Control of the U.S. Senate was on the line, but many Georgia Republicans — at least some deterred by Donald Trump’s loss — stayed home rather than cast ballots in January’s runoffs. Their absence at the polls helped swing Georgia and the Senate to the Democrats. Over 752,000 Georgia voters who cast ballots in the presidential election didn’t show up again for the runoffs just two months later. . . . More than half of the no-shows were white, and many lived in rural areas. . . . The AJC’s analysis found that the drop in turnout was most severe in northwest and South Georgia, areas where Trump held rallies, in Dalton and Valdosta, to bolster support for the state’s Republican senators.
The Washington Post:
Republicans across Georgia stayed home, helping Democrats flip two Senate seats … turnout in Republican strongholds dropped by more. . . . Across conservative North Georgia, the state region where only about seven percent of people are Black, Republican David Perdue, whose Senate term expired Sunday, won by 48 percentage points, the same as in November. But it was a weaker showing in votes because turnout dropped, by more than any other region the state. . . . Just to the south in the most heavily Democratic heart of the Atlanta metro area, where Blacks are a majority, turnout dropped the least, and so Atlanta gained influence in this runoff.
What we are seeing in Georgia right now is that the GOP voters are not showing up and the Democrat voters are. The GOP reliably got over 50% of the vote in the combined legislative races for congress, state house, and state senate in November. Those voters are not showing up. Over three-quarters of Republicans who voted said they think the November election was stolen. The President’s campaign actually went on the air in Georgia in the last few days to tell Republicans that November was stolen. The Georgia Republican Party Chairman has been all over TV and the internet telling voters the November election was stolen. Turns out Republican voters took it all seriously. . . .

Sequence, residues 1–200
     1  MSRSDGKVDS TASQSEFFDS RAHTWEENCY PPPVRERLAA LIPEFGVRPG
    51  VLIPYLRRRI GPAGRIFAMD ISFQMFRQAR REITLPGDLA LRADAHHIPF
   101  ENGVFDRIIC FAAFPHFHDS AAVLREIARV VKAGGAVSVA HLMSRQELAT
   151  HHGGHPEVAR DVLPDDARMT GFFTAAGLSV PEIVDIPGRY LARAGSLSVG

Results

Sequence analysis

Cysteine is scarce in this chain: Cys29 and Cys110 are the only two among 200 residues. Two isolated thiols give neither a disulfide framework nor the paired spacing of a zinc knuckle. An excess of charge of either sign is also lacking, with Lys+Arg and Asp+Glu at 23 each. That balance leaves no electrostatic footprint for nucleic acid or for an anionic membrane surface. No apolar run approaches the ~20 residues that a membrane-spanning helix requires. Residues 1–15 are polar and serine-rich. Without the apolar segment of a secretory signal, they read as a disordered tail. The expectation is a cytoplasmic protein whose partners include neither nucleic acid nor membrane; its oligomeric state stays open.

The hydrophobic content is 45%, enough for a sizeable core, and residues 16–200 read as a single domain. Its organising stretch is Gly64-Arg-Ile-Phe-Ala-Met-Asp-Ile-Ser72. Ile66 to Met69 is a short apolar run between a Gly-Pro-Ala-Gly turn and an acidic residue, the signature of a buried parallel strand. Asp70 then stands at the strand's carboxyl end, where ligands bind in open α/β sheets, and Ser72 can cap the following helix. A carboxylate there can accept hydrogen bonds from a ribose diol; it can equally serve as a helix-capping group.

There were signs all over North Georgia saying “don’t vote”. If you went up 75 from Atlanta to Adairsville, GA there was a big sign when you got off the interstate that said, “They’re going to steal it again. Don’t vote.” Republicans in the state internalized the stolen election nonsense and cost themselves two Senate seats.
It’s hard to overstate how precedent-shattering this election was. Going into 2020, it was a political axiom that Democrats always fared worse in runoff elections than in the general; Republicans had improved on their margins in seven out of the eight previous runoff elections in Georgia history. . . . GOP turnout seems to have been down.
That worked out so well in January 2021. It may cost the nation literally trillions of dollars. Why not try again?